Edit-4 I made some changes and now I can publish the polished source code. Finally. I must admit. It sucks to have to wait just because someone says that you cannot do that what needs to be done. Deliver!

22 thoughts on “LZVN take II

  1. Some time ago, I noticed that someone mentioned Tiamo’s boot.efi, which allows unsupported Mac Pros to boot Mavericks (and possibly Mountain Lion as well), by identifying itself as a 64-bit bootloader, but actually interacting with the 32-bit EFI of those machines. Unfortunately, the current version of Tiamo’s boot.efi isn’t compatible with Yosemite. I haven’t found your reaction as to whether you’d be willing to contribute to Tiamo’s boot.efi by making it compatible with Yosemite. Would it work by simply implementing the lzvn routine and a call to it, or would it require further refinements?

    • The LZNV compression is only one part, but there is more work to be done. I’ll see if I can get it to compile with the patches, this weekend, and report all progress in my blog.

      • Wonderful. As you now, Yosemite GM 1 has been released today. It would be great to have a Tiamo-Pike’s boot.efi in place by the time Yosemite is finally released. That way, owners of unsupported 64-bit Macs (such as the old Mac Pros) can still run the new OS without Chameleon or Clover.

      • I’ve just got in touch (via private mail) with one fellow poster in the Mac Rumors forum who might help test drive your patches. I hope he’ll somehow get in touch with you. I can’t help myself, as I only have access to one old Mac Pro, but it’s a production machine running Mavericks, and it can’t be shut down or there’ll be plenty of complaints from angry people.

  2. woah! nice to see that somebody’s working on a yosemite compatible version of tiamo’s boot.efi! I think I was the first one to try tiamo’s boot.efi back in november 2013. I’d be more than plesaed to test drive your patch.

    • Thanks. Can you compile the current files? I am thinking about adding a proof of concept version. One that should let you boot Yosemite with the -f (skip kernel cache) boot argument. That is until the LZVN routine is implemented.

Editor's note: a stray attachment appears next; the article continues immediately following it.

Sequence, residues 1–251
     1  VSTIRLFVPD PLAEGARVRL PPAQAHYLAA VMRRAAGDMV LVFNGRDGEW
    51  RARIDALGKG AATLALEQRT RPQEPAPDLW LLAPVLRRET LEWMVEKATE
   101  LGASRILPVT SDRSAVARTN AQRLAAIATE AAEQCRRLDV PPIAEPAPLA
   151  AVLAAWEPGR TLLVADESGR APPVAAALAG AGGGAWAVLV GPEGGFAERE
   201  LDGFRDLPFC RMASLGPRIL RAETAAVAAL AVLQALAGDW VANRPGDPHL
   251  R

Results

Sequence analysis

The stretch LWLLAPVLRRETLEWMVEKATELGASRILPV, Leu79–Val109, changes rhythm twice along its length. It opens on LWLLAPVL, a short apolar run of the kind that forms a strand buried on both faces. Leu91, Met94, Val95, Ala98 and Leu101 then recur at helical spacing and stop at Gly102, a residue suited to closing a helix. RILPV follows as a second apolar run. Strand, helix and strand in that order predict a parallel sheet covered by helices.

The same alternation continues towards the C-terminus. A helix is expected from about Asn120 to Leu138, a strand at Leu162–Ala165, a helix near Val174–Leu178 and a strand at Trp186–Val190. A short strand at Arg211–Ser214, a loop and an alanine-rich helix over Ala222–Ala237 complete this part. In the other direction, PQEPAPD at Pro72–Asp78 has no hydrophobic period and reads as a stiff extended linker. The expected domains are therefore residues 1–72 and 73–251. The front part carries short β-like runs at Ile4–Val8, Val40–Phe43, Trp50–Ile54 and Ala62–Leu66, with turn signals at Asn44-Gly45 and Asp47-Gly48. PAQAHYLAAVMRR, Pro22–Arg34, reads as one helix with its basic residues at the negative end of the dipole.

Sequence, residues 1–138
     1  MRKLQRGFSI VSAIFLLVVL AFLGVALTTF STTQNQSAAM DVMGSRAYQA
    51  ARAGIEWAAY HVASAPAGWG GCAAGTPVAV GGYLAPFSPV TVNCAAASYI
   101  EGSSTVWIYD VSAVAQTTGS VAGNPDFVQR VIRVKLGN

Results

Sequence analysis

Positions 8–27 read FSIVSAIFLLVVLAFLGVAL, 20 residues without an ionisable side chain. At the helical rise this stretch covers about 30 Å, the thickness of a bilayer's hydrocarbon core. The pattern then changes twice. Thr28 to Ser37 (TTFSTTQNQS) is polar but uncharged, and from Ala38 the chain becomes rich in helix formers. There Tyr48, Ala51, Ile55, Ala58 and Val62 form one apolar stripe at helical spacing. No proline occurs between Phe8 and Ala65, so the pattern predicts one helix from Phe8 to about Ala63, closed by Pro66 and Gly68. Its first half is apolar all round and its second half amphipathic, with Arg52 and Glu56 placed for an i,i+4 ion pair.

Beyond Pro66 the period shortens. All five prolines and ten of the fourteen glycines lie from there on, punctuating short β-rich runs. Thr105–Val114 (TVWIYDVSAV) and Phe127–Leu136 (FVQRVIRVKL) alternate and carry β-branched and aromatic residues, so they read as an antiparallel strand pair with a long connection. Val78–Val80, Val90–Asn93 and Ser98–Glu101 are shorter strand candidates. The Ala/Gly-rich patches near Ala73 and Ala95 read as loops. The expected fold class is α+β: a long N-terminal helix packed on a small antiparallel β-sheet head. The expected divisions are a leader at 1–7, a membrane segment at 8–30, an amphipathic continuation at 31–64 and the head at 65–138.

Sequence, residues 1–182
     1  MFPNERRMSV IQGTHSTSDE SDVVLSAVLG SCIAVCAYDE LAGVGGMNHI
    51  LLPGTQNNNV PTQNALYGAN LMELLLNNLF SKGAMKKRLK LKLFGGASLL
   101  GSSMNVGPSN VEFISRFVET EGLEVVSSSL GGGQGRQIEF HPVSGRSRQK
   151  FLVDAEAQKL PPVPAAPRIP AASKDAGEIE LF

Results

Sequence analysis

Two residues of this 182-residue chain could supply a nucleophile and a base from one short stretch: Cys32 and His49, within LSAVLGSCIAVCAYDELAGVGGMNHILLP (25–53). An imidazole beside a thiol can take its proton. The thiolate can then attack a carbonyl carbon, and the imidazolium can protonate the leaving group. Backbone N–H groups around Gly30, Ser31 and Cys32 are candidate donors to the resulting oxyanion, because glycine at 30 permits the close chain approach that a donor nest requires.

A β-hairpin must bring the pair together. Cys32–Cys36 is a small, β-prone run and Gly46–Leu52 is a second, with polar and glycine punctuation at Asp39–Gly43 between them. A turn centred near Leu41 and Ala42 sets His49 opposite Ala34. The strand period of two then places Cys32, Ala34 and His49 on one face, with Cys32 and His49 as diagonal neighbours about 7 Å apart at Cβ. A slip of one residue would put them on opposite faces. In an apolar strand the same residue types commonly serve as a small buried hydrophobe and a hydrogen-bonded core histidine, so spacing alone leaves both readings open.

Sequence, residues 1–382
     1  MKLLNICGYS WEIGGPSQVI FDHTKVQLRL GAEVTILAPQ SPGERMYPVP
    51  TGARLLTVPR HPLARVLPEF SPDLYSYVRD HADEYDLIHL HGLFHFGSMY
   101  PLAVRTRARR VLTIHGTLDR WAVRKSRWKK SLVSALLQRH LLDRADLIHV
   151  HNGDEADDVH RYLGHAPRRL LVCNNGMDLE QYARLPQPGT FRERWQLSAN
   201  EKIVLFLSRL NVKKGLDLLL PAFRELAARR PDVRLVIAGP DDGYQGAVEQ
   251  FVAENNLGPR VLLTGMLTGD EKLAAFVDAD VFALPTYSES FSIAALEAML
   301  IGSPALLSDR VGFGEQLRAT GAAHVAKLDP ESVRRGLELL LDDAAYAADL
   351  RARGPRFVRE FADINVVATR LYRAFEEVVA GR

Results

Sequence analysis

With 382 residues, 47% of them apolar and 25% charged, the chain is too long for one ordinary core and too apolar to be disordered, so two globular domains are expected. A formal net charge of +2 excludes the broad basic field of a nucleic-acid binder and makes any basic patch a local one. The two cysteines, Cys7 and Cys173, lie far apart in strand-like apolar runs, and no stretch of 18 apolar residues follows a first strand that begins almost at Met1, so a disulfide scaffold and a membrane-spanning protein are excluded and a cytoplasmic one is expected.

• unfortunately I’m lacking the skills (and software) to compile the sourcecode. I’m pretty good when it comes to tinkering with all sorts of systems and hardware but I never wrote any code… what about tiamo, did you or anybody else try to contact him?

      • I personally have not, but other people have tried to contact him, and without success I am told. I’m sure that other people can compile the source code, hopefully, because I cannot share compiled code.

  3. Hi Piker,

    Peter sent me a message on MacRumors and I would be happy to help test. I have several drives that I can test the boot.efi on in my Mac Pro 1,1 that is flashed to a 2,1. I don’t have much experience compiling source code but I can usually figure things out unless of course you just want to send me the compiled boot.efi files. Right now I am running the GM1 release using Clover but can clone that to another drive with your boot.efi files in place and test. Just let me know how I can help.

    • Hi,

      It would be nice if someone (you?) could get it to compile, either the patched or the original (Tiamo’s) source code. Don’t ask me for help with this, because I do not use Microsoft software (grew up with Ubuntu Linux). Also. I use USB sticks for testing, so can you if you like. We first need it to stop rebooting after all.

      p.s. If you can’t get it compiled, see if you know other people that can help you with this. After that it should not take long to get it to boot Yosemite. We just need to connect the dots 😉

      • I am going to take a crack at compiling it but what am I supposed to compile it to? Is this the boot.efi or is this just the method to get past the new compression used on the kernel? I need a little more clarification.

    • Correct. The source code is not yet compatible with Yosemite, but good to hear that compiling worked for you, because the person I asked for help could not get it to compile with VC 2013. Do you have any pointers for him, so that he can start testing? He gets a load of undefined warnings and a cmd error.

  4. The compilation was quite simple. I’ve installed MS Visual Studio 2013 (Ultimate, 90-days-trial), installed also NASM, added the path to NASM to the PATH-Variable from Windows (rebooted after that) and opened the ‘boot.sln’ for the project. Leave the Debugger in Win32 mode. Then clicked simply ‘Build’ (result: 2 succeeded, 0 failed, 0 skipped). No error messages. Output file is Boot.efi (461.312 bytes). OK, it took several attempts – but compiling works now flawless.

  5. Pingback: LZVN packed Apple Logo’s | Pike's Universum